GH: – Well, I’d have to say that there was a particular moment in our studio sessions when the gospel choir was tracking, and we were all in the control room going over what we needed from them on “Come on People”. The first time I heard it with the choir, it just brought me to tears. This songs that was once just a few words and a melody inside my head was now this fully formed, amazing arrangement and it was really just an emotionally overwhelming moment for me … in a good way!

JBN: – In your opinion, what’s the balance in music between intellect and soul?

GH: – I’ve spent most of my life in the very technical, intellectual world of Engineering and I do enjoy the challenge of solving problems, but intellectual pursuit alone, have never really been enough for me. There was always something missing. I feel my life has been much more balanced and satisfying since I started pursuing music. I can’t imagine my life without it doing this. My music is my medicine, my therapy, and my outlet for emotions, and being able to express myself and connect with other people this way is for me, a truly spiritual experience.

JBN: – There’s a two-way relationship between audience and artist; are you okay with delivering people the emotion they long for?

GH: – Oh Absolutely! That’s what it’s all about! If I’m not connecting with my listeners in an emotional way, I’m not doing it right. Making that connection is the best part of doing this. It can be scary to open yourself up for people to see, but isn’t that the point? We’re all human and so often we feel like we all alone in our experiences, and in feeling what we feel. When we allow ourselves to be vulnerable, and share the truth of our stories, we find our common humanity and we all feel less alone.

JBN: – How can we get young people interested in jazz when most of standard tunes are half a century old?

GH: – I’m not sure I’m qualified to speak on that topic, but in general, if you want to get young people interested in anything you have to make it fun and engaging and find a way to make it relatable to them.

JBN: – John Coltrane once said that music was his spirit. How do you perceive the spirit and the meaning of life?

GH: – For me, finding spirit and meaning in this life, is to simply be my authentic self, to find joy in everyday living, to create something, to love people with my whole heart, practice kindness, be of service and to connect as deeply with others as I can, and music is a very big part of that.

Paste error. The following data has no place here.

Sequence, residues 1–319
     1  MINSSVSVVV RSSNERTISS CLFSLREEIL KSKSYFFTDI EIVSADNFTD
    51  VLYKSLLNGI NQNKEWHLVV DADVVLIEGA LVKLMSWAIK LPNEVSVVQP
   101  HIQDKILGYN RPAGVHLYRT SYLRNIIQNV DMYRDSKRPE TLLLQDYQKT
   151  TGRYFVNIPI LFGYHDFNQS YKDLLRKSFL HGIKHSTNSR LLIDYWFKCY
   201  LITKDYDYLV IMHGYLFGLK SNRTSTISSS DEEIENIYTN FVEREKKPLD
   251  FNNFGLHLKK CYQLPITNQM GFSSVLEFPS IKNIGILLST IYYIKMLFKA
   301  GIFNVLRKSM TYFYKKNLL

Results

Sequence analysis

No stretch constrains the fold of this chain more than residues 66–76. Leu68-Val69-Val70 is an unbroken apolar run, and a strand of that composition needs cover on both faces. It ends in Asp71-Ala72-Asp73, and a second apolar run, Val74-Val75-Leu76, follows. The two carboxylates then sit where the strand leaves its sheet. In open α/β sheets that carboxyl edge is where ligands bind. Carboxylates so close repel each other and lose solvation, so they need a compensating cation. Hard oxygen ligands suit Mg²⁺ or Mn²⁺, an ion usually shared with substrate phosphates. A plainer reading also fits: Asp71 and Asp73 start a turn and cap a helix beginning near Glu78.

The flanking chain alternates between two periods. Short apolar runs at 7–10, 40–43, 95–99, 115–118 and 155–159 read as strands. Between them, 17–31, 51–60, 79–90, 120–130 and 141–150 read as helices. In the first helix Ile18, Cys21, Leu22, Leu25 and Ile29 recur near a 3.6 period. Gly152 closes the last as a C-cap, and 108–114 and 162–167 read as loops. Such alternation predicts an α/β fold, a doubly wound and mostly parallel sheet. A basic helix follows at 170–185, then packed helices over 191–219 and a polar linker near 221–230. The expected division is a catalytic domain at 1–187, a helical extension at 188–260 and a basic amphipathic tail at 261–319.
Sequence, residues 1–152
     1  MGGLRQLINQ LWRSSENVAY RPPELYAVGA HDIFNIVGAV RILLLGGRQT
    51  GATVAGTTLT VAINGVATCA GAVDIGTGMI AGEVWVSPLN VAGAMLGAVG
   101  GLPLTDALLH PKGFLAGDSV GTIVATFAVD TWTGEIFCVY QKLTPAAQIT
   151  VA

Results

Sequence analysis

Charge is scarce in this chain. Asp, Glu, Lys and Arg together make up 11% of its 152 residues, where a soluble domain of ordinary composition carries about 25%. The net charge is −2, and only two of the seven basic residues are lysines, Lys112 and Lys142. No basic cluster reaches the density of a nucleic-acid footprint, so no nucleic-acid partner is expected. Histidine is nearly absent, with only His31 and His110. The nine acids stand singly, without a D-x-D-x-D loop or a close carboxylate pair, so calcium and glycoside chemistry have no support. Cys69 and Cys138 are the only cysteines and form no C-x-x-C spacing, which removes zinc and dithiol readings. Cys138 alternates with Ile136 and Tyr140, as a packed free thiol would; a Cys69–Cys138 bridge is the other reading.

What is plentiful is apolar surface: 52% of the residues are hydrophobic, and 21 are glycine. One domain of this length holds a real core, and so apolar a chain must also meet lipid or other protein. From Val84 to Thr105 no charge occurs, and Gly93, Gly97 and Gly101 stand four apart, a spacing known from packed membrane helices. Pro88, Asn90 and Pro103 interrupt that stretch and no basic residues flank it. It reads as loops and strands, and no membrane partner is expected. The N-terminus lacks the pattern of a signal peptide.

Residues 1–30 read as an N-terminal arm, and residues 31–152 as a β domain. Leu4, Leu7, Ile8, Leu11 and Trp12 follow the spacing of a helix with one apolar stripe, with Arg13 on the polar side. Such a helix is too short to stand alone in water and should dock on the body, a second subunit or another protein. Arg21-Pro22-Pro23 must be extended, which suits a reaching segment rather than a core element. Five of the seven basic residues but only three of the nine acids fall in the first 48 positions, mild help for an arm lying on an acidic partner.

JBN: – If you could change one single thing in the musical world and that would become reality, what would that be?

GH: – That artists could be truly valued for what they do and paid fairly for their creative work. The Arts are so essential to a civilized society and it is shameful that so many who make their careers as artists, are living in poverty.

JBN: – Whom do you find yourself listening to these days?

GH: – I have such varied musical tastes, and we have a local radio station that plays a lot of indie music, so I hear a lot of new music that way, but Bonnie Raitt and Shemekia Copeland are always on my list of favorites. I frequently revisit, my early inspirations, like Etta James, Koko Taylor, Ruth Brown and Billie Holliday. Lately I’ve been listening to some newer stuff from Kat Riggins, War & Treaty, Eddie 9V, Sunny Bleau, Silk Sonic, Cinelli Brothers, Solomon Hicks, and Yola. I just discovered Durham County Poets, and The Outcrops and I have to admit, I can’t help but love me some Lizzo.

JBN: – Let’s take a trip with a time machine: where and why would you really want to go?

GH: – For all the possibilities that exist in that question, what I’d like to do most, is just go back and spend a little more time with some of the people I’ve lost…My mom, my sister, my grandparents a couple of very dear friends. So many questions I wish I’d asked. So many things I wish I’d said. One more hug. We always think we have more time, you know?

Our US/EU Jazz-Blues Association Festivals 2023 with performances by international stars: Photos

JBN: – What is the message you choose to bring through your music?

GH: – I hope I convey a positive message, of authenticity, strength and resilience, to own our mistakes and learn from them and use those lessons to do better and be better. Not to settle for less than you deserve. Mostly just to treat each other better and take care of one another.

JBN: – Do You like our questions? So far, it’s been me asking you questions, now may I have a question from yourself…

GH: – I have to admit these were some tough questions, and you’ve really made me think hard about my answers! So, my question to you is, What is the strangest, most memorable, or most outlandish response you’ve ever received to an interview question and from whom?

JBN: – The strangest thing happened in both senses, both bad and good, when the question about intellect and soul is answered 35% – 65% or 50% – 50%, as if it were mathematics. And the good thing has been incomparably more. Barry Harris.

GH: – Thank you so much for your time and your interest in my music. Gayle

Interview by Simon Sargsyan

The Gayle Harrod Band | A melting pot of Blues styles.